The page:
You should instead use the time to optimize your program or tools until these distractions cede.
Ultimately, you want to test your software until it yields the expected results, either by passing all tests or by returning results of a measurement for example. But sometimes, your initially conceived software architecture or test set or tools don’t live up to the challenge. By this time tour program has become complex enough that it takes a while to run all the tests or to measure all your data.
And during this time the distraction devil sneaks in and wastes your time. When what you actually want to do is use that time to improve your actual measurement or evaluate the data and think about what else you would want to measure.
Therefore, you should instead work on refactoring your software, your tests or improve on your tools. I have the impression the part of a programmer’s work from which interesting open source tools emerge (e.g. editor plug-ins).
Whenever you catch yourself idling (i.e. reading random stuff on the Internet in time slots which are not designated to this) then think about (and feel) where your own software or tools are limiting you. Start from scratch, improve on your tools or refactor your software until it does exactly what you need it to do.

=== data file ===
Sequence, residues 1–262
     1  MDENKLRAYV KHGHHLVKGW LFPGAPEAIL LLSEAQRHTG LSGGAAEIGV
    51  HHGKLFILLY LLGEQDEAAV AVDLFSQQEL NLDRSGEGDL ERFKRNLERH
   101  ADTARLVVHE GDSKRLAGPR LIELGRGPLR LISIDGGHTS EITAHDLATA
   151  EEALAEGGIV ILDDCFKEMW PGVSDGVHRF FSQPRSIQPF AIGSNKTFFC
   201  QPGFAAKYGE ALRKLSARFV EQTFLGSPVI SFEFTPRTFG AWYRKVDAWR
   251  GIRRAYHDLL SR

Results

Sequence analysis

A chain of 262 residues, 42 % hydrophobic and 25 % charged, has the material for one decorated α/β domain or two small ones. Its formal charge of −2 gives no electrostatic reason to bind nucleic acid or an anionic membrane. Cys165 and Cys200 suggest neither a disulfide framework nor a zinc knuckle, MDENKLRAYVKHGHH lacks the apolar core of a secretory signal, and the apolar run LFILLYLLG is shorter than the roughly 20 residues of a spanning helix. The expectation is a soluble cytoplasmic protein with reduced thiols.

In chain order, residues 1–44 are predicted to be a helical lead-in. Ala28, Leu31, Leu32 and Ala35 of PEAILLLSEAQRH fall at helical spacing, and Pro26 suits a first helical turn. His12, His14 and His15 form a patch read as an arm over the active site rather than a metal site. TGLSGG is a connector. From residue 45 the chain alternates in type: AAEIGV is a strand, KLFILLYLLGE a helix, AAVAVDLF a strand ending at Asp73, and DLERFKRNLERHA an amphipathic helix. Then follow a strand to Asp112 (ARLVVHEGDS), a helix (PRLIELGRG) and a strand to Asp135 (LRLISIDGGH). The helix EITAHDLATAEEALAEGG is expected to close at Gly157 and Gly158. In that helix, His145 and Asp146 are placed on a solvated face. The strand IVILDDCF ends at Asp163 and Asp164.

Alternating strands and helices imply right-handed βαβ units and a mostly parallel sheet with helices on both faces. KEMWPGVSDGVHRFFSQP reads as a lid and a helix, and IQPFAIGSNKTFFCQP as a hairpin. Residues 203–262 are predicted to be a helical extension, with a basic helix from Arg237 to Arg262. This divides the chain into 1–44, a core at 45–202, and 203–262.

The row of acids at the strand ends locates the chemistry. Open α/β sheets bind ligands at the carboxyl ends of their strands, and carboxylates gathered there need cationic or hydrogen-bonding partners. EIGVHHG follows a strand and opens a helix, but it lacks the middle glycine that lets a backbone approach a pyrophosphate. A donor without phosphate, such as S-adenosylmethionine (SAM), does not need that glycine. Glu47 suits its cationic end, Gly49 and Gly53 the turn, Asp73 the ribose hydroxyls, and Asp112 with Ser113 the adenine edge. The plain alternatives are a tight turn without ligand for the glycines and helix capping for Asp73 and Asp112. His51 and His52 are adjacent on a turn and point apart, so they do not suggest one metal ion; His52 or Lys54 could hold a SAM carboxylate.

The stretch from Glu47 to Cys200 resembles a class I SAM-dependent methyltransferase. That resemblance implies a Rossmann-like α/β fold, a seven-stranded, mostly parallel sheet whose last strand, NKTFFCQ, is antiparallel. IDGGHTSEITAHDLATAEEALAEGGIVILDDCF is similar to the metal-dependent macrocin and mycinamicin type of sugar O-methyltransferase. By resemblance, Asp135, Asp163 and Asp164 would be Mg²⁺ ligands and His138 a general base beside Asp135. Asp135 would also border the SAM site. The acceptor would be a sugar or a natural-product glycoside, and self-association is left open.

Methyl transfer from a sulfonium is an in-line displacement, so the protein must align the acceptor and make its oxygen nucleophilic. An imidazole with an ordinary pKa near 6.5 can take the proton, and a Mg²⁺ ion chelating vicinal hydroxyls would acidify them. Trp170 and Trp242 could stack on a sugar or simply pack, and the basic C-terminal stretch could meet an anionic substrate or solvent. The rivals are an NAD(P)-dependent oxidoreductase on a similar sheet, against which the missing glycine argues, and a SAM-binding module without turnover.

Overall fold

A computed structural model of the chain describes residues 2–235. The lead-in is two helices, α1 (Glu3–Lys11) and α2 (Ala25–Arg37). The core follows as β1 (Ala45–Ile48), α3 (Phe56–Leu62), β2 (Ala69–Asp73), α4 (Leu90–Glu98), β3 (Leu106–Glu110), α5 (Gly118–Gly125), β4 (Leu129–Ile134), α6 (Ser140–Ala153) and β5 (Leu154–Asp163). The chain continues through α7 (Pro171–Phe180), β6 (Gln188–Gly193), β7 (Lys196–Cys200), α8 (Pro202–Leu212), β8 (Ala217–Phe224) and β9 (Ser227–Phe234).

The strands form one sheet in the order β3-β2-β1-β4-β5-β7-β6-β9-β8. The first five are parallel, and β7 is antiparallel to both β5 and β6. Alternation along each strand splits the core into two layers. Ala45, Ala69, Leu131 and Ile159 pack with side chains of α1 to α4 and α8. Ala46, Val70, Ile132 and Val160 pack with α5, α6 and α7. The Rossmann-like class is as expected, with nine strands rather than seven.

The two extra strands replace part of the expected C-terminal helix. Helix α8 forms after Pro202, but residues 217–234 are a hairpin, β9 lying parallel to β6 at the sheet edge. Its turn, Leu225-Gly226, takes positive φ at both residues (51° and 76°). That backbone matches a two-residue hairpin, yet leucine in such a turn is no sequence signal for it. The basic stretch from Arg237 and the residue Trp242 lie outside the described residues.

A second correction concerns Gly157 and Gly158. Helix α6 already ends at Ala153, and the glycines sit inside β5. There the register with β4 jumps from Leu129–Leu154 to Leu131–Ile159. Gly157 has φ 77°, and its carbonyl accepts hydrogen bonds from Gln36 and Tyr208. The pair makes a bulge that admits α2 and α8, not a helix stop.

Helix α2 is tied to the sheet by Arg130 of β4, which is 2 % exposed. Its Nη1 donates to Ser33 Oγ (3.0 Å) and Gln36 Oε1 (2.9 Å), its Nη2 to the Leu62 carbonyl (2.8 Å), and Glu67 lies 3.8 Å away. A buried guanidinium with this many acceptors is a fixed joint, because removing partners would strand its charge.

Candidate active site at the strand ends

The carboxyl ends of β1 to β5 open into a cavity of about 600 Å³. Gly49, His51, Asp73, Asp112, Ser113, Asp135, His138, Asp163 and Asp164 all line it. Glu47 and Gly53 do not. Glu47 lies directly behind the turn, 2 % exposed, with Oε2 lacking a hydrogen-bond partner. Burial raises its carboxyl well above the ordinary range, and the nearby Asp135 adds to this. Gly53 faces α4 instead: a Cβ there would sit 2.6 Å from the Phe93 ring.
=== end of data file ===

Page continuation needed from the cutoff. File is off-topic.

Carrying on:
If you’re too tired to do any of this then take a break or do something that distracts your mind from this problem for a while. But do not sit in front of the computer pretending you’re working on a problem when actually that problem has defeated you and you’re escaping the truth by facing some random distraction instead of the venue of the war. Release the pause button, get back in and fight 😉